The 26-year-old Jones -- named the Most Valuable Oriole in 2011 -- will earn a base salary of $6.15 million, with $50,000 in performance-based bonuses, a figure that is just shy of the midpoint between the two sides. The O's originally offered $5 million, while Jones' camp at CAA Sports countered with $7.4 million.
"He was our player of the year last year," executive vice president of baseball operations Dan Duquette said of Jones, who set new career highs in games played (151), doubles (26), home runs (25), RBIs (83) and stolen bases (12). "He's a dependable player and we're glad to have him."
How long the Orioles will have Jones, now that his 2012 salary has been agreed on, remains the biggest question for an organization mired in a stretch of 14 consecutive losing seasons.
Duquette has said all offseason that the primary focus was on what the organization would pay Jones in 2012. Although Duquette reiterated Tuesday that there remains a possibility of the two sides reaching a long-term deal in the future, it probably won't be any time soon.
"I wouldn't revisit it during the season," Duquette said of Jones' contractual status, which has him slated to be a free agent after 2013. "We're glad we have a mutual agreement this year, and then we can take a little bit longer and more detailed look at a future contract. But it was important for the team to get a deal done this year.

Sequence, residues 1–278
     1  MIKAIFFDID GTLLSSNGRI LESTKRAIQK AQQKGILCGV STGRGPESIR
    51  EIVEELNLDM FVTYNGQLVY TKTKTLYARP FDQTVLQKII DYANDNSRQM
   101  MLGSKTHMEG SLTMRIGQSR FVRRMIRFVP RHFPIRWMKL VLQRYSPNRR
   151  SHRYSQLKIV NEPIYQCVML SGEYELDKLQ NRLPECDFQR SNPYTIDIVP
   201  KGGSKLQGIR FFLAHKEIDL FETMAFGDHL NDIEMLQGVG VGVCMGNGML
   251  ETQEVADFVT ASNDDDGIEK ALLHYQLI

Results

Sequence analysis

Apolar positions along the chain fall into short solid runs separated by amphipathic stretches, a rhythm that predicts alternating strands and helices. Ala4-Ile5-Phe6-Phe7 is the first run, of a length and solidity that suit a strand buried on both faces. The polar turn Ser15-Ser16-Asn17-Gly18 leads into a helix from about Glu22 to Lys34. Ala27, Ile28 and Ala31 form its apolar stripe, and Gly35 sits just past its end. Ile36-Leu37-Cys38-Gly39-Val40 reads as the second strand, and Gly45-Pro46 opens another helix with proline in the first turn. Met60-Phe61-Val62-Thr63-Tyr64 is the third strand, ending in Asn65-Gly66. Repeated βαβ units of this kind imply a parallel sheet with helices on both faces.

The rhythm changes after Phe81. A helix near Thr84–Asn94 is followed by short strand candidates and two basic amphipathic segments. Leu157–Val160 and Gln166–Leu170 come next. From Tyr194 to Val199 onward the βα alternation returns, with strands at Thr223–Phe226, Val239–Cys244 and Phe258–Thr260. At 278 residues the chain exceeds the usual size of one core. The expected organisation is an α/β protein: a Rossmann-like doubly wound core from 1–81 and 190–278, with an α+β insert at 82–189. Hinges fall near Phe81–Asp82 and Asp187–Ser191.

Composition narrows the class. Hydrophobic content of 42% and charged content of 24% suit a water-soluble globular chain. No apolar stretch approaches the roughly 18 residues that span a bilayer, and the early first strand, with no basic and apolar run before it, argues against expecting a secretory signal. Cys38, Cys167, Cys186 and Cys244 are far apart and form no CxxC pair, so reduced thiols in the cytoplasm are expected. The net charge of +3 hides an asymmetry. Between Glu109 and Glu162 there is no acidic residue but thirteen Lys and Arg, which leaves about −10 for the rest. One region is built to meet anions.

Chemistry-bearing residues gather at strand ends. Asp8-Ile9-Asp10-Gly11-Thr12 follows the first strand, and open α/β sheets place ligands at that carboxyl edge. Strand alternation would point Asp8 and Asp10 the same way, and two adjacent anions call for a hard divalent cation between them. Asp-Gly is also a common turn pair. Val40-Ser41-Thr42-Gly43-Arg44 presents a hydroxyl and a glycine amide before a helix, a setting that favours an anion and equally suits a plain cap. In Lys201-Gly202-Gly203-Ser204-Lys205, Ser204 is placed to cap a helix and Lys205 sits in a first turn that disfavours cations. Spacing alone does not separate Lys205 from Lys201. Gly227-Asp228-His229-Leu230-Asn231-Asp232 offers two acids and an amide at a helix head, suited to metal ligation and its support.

"I think [negotiating during the season] is a distraction to the player and the team. I think everybody's interest is better served by putting the interest of the team first."
Jones, who was prepared to fly to Florida on Wednesday, was grateful that the deal was struck, as he will now be able to attend his nephew's sixth birthday party on the West Coast instead. Asked again Tuesday night if he would be open to signing long term with Baltimore, Jones reiterated that those discussions have to be started by the Orioles.
"It's on them, it's not on me; I just need to go play," Jones said, dismissing any rumblings that he wouldn't be open to staying in Baltimore.
"I guess I need to learn how to handle all that speculation now. But only the people closest to me know how I feel about everything."
Considered one of the game's best young outfielders, Jones has also dealt with a fair amount of trade talk this offseason, another foreign situation and one that won't be going away with his new one-year deal.
A fierce competitor and one of the most outspoken and outgoing Orioles players, Jones hit .280 with a .319 on-base percentage and a .466 slugging percentage last season, and he figures to be in the middle of the lineup this year along with catcher Matt Wieters.
"I don't just go out there to play, and say 'I play in the Majors,'" Jones said. "I mean, yeah it's cool, I'm in the Majors. But while I'm in the Majors, I want to win while I'm here. If we want to build a winning team, let's go. I'm all for it."
With Jones agreeing to terms, the O's have no remaining arbitration-eligible players.
Brittany Ghiroli is a reporter for MLB.com. Read her blog, Britt's Bird Watch, and follow her on Twitter @britt_ghiroli. This story was not subject to the approval of Major League Baseball or its clubs.